A Little Daily Exercise

An exercise occurred to me the other day. It’s not as demanding as following my rules for eight weeks, but it might give you a little taste of (and for?) Writing Process Reengineering, before deciding whether to take my course.

Here’s the exercise in a nutshell: Every evening, write a true sentence that is a little hard to believe, understand, or agree with. Every morning, take ten minutes to write six more about the same thing that are a little easier to believe, understand, or agree with. Maybe the value of doing this every day (or, let’s say, 160 days a year) is obvious to you. But let me try to explain what I’m getting at with it.

The exercise is deliberately couched in the language I use to describe the problem of writing a paragraph. A paragraph always has a key sentence that poses some difficulty for the reader. The rest of the paragraph then helps the reader overcome this difficulty. The key sentence may be hard to believe, requiring five or more sentences of support. Or it may may hard to understand, requiring elaboration. Or it may be hard to agree with, requiring a defense. In each case, the problem is to make the key sentence more believable, understandable, or agreeable using no more than 200 words. I normally suggest you learn how to compose such a paragraph in under half an hour. Indeed, I suggest learning how to make effective use of exactly 27 minutes to that end, devoting at least one half and at most three hours a day, 32 weeks of the year.

Some people, however, don’t want to compose every paragraph in such an explicitly crafty way. They produce their prose in a more intuitive (and they might say a more “natural” way), moving from paragraph to paragraph when it seem appropriate, not when the clock runs out. Some people compose perfectly good paragraphs this way because they have good grasp of how prose works, of what is supposed to happen to the reader while they are reading. My exercise is intended to subtly strengthen your intuitions in this regard.

Without demanding that you actually produce a paragraph, it forces you to notice what makes a sentences hard or easy to believe. My favorite example of this difference can be found in ethnographic prose, based on either interviews or observation. Here the key sentence will tell us what a person, or a group of people, thinks or feels, wants or fears, needs or hopes. Since such states are not directly observable, they’re a little hard to believe for the academic reader, naturally skeptical. It’s not that the reader is outright unwilling to believe such statements; it’s just that they want to know how you know. Give them a little evidence and they’re good. So you write a paragraph that presents an account of what you heard them say (in interviews) or what you saw them do (in the field). The fact that they said and did these these things is simply easier to believe than the fact that they felt or thought something. That’s especially true in light of the altogether credible methodology you have described before you present this data. Knowing how you collected it, the data can be taken for given. It’s easier to believe.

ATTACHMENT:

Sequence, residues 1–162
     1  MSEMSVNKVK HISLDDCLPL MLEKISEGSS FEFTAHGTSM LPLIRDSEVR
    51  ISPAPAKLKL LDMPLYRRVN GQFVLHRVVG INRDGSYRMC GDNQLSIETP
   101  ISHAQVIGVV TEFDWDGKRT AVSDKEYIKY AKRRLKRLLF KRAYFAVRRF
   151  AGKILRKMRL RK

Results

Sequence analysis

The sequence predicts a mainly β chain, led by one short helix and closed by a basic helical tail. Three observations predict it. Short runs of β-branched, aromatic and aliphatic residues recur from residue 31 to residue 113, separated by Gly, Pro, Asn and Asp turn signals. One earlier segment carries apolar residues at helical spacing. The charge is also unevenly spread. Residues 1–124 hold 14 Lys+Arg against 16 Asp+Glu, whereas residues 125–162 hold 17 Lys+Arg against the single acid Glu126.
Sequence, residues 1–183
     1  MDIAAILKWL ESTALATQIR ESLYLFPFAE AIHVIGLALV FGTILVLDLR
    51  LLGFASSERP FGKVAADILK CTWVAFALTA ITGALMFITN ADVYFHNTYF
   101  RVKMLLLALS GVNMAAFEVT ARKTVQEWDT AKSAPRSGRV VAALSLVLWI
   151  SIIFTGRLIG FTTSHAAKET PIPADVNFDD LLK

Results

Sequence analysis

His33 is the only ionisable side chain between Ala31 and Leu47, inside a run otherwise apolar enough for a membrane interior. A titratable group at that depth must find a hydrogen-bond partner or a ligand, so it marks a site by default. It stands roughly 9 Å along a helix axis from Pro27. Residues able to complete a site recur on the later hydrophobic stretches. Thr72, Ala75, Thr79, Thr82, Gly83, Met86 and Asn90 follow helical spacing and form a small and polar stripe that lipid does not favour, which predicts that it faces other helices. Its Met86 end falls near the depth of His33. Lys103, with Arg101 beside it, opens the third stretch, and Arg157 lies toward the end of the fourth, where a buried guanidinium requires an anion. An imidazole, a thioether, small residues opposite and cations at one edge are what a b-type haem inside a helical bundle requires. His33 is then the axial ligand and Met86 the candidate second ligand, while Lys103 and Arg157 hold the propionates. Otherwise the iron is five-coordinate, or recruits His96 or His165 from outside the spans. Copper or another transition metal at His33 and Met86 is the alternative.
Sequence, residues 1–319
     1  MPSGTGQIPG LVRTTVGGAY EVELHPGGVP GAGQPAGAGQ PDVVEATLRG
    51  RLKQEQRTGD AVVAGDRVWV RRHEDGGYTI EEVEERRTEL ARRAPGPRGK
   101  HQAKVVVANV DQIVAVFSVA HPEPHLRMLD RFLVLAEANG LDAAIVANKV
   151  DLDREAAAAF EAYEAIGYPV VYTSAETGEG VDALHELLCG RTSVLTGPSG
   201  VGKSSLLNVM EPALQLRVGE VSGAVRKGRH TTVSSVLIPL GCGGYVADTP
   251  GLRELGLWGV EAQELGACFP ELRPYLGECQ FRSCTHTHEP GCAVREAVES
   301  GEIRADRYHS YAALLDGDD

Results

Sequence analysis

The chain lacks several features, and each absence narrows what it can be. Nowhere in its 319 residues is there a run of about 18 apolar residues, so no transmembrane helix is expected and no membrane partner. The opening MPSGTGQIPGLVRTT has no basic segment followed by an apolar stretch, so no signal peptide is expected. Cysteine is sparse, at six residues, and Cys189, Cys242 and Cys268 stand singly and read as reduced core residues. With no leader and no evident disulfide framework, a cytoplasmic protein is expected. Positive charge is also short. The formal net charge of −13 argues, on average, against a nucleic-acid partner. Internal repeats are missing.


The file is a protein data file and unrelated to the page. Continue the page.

So one way to do this exercise is to write a key sentence about a fact that is not directly observable at the end of one day and then write six sentences about directly observable facts that support your claim. Another way is to write a statement of theory, invoking concepts from the literature, and then write six sentences that cite this literature in elaboration of their meaning. Since this literature will be familiar to reader, these sentences will be easier to understand than your interpretation of it, which requires the reader to get inside your head, just as you ask them to get inside the heads of your research subjects in the analysis. Another way is to write a sentence about the implications that follow from your research and then, assuming that the reader objects to your reasoning, you defend the rationality of your normative stance, proposing changes to theory or practice that the reader may not want to make the effort to implement, acknowledging their objections and countering them politely. Whatever you do, the important thing is to give yourself an opportunity to compare the difficulties that your sentences present the reader with.

When doing this exercise, remember that you’re only spending a couple of minutes at the end of one day to set up ten minutes of writing the next. Don’t make it a bigger deal than it is. It’s just a little exercise. Try it for a week and see what you get out of it. And do, please, tell me about it if you feel the urge. I always like to hear whether and how my suggestions help my readers. Comments are open.

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